Wednesday, May 22, 2013

because there are no words.

 An F5 tornado ripped through the city of Moore, destroying my old neighborhood, and my old elementary school on Monday. Everything was leveled. I had been at the Y, to wait out the tornado with my mom , since I live in an upstairs apartment. I went there to wait out the tornado, not even thinking about the path the tornado was taking. We were cleared to leave about 12 min after the tornado passed us, and I and my mom  left so that I could take her home. On the way to my parents house, the reality of what the tornado meant hit me. Trees were uplifted out of the ground and blocking streets; cars were turned over; ambulances, fire trucks, and police cars were racing to who knew where. The sky was a gruel, dark, grey, the kid of sky that scares you and warns you about what it can do. We made It slowly through OKC, and pulled into the back of my old neighborhood, hoping that we could use the old shortcut to get to the other main street my parents currently lived off of.

Words cannot describe what we saw. Houses were gone. There was wood and mud and tree limbs everywhere. Cars were piled on top of each other, on houses, and on the street. People were running everywhere, most heading in the same direction. My mom, knowing that I wouldn't be able to make it through by driving, told me to turn around and she would walk the 3 miles left to her house. I protested, obviously, but she was determined, so I let her go. To no avail, I tried to make my way off the street to turn around and ended up being blocked in a driveway by two cars and an ambulance, all who showed no signs of leaving anytime soon. I got out of my car, grabbed my phone and wallet and made my way through the damage. Turning the corner around what used to be houses, I saw the reason for all the frantic parents and crying kids. The school had been hit. And by hit, what I really mean is, demolished. There were people, firemen, policemen, soldiers, and paramedics everywhere. Kids were crying, moms were screaming and sobbing for their children. I was in shock. I had no idea how huge this tornado had been. I made my way, in my flip flops, over to the wreckage of the school. I found a frantic paramedic, told him I knew CPR and how to use an AED, and he told me to keep watch for anyone who was stable, or unstable and let him know. I talked to a few parents, kids, and teachers, all who were shell-shocked. I helped assess a few victims, talked to a pregnant woman who was buried under the rubble until she was taken to the hospital. The policemen eventually had all non-essential help move away from the rubble, due to a gas leak, and because they were beginning to find bodies instead of living people. I moved out of the way and called my husband. After a dozen tries, I finally got hold of him and began sobbing. The reality of the scene I was in the middle of hit me with a brutal force. I was scared, and alone and so desperately sad for the people around me. My husband and I made a plan to meet up and I began walking to our meeting point. After about 20 minutes, he called to tell me he couldn't get through the street we planned on meeting at, so I had to walk another mile the opposite direction to the gas station. I went to my car, passing several kids I knew from the school and also people I had grown up with at that school, got my purse and began walking.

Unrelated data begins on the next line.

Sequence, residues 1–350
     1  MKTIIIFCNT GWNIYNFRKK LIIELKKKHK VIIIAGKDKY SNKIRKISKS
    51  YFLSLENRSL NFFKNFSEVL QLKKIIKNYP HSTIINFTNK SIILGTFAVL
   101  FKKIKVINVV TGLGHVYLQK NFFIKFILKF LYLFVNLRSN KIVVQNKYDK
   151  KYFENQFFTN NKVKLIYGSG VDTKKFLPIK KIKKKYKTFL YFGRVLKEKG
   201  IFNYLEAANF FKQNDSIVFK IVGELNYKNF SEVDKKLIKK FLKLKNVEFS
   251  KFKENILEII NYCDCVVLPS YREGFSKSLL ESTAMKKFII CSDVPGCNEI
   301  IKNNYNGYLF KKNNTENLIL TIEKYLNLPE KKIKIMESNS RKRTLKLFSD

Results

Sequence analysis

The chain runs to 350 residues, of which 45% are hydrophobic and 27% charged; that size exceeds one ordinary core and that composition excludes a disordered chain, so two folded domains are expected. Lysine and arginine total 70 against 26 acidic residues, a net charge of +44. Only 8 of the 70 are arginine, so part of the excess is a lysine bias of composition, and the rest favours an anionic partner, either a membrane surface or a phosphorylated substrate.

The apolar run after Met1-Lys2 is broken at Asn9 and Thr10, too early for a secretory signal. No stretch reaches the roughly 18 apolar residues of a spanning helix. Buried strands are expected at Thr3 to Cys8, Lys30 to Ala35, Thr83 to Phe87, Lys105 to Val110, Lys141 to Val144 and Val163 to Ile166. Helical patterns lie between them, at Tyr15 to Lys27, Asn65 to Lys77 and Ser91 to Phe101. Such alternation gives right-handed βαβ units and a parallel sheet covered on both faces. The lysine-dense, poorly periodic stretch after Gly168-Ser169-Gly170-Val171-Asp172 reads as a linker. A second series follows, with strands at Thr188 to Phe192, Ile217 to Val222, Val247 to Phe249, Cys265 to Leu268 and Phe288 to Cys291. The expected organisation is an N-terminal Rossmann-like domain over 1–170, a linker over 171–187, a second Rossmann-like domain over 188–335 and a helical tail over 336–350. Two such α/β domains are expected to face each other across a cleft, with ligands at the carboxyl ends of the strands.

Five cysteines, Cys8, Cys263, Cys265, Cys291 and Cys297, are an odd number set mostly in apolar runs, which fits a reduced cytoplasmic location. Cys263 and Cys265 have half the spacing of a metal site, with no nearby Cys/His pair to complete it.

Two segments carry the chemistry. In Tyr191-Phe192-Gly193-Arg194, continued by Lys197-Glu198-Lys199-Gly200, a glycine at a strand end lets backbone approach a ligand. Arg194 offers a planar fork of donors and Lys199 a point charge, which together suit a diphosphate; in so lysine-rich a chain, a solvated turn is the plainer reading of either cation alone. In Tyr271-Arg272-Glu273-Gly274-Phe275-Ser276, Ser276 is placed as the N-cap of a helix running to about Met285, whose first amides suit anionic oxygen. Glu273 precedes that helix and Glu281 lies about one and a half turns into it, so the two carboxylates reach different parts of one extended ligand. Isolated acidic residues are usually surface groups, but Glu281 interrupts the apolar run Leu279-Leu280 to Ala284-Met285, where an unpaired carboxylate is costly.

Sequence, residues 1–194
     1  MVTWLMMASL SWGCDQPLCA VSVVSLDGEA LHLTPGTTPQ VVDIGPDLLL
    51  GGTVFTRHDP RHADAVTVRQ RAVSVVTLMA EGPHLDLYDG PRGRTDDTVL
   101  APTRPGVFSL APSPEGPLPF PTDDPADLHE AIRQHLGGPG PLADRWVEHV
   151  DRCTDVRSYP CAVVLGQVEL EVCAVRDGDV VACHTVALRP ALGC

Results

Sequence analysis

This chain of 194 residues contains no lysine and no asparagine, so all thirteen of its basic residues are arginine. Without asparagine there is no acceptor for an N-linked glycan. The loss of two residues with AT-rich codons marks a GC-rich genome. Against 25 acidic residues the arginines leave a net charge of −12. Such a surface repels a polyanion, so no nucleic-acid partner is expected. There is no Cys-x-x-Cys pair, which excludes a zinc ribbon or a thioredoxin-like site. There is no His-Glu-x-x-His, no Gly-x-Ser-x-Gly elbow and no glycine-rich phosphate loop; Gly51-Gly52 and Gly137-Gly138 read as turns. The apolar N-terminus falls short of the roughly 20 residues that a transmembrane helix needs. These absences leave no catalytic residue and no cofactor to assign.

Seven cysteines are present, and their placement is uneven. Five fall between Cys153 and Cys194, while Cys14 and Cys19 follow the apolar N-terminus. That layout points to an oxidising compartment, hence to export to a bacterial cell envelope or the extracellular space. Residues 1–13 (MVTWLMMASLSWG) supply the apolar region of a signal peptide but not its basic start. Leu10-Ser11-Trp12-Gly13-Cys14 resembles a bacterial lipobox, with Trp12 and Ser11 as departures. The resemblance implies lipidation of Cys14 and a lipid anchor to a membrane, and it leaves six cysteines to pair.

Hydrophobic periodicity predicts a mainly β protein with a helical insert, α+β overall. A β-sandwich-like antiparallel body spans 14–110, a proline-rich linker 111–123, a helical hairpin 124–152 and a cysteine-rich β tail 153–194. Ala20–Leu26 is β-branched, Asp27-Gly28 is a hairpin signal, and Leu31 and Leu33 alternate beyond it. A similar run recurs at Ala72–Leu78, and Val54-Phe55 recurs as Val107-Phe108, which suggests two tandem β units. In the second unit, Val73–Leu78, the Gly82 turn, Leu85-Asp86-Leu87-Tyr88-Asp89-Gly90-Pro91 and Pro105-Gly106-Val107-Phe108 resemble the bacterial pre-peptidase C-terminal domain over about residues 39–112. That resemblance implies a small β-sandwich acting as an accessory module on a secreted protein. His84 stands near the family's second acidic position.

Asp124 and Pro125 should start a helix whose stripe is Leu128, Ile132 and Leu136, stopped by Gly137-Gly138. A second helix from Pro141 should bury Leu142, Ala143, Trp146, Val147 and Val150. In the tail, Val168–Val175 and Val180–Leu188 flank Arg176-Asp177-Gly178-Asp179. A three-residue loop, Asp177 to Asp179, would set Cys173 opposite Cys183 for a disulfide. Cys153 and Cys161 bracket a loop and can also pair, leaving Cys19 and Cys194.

My husband finally found me, and we walked another mile or so, to his car. I was covered in mud, sore from walking in flip flops and couldn't stop crying. We came home to no water, and packed some bags to go stay at my in laws. I took a shower there, watched the news, drank a huge cup of strong tea, and went to bed, exhausted. I slept for maybe 2 hours that night.

Since Monday, our water has come back on, the internet is working again, I have my car back, and I have slept a lot. But none of that is making me feel better. Because yesterday, I found out that a nine year old boy who I had worked with when I worked at the Y had been killed in the tornado. He was one of the 10 children, all mostly 3rd graders, who had passed in the tornado. They had two more days left in the school year, and then they would have been free for the summer. To swim, as we all know kids love to do, eat lots of junk food, and spend the days with their friends. I know that for Nicholas, he would have spent his days at the YMCA, swimming, going on field trips, inevitably sunburned with way too much sugar in his system, with his friends. But that isn't going to happen for him now. It makes me so desperately sad to know that too. Because I loved my childhood summers. And I love summer at the Y. Trips, summer camps, swimming, the library, friends…those are the makings of a good summer. And that sweet nine year old boy won’t do any of those things anymore.

I know, that eventually, we will all start to feel better about this. Maybe better isn't the best word, but we will all come through this. Lives will return to normal, and people will move on. But today, I don’t care about moving on, or staying strong, or being brave. Today I am sad, sad for Nicholas, and his family; sad for those who lost their homes and pets or relatives; sad for the children who only such a short time, who will never get married, or have kids of their own. Today, I am going to be sad for them. And I’m going to pray because I cannot face this without my Savior.

Please pray for Nicholas’ family, because nothing is worse than losing a child. A house can be rebuilt, a car can be replaced, but a child, a baby, can never be replaced. 

No comments:

Post a Comment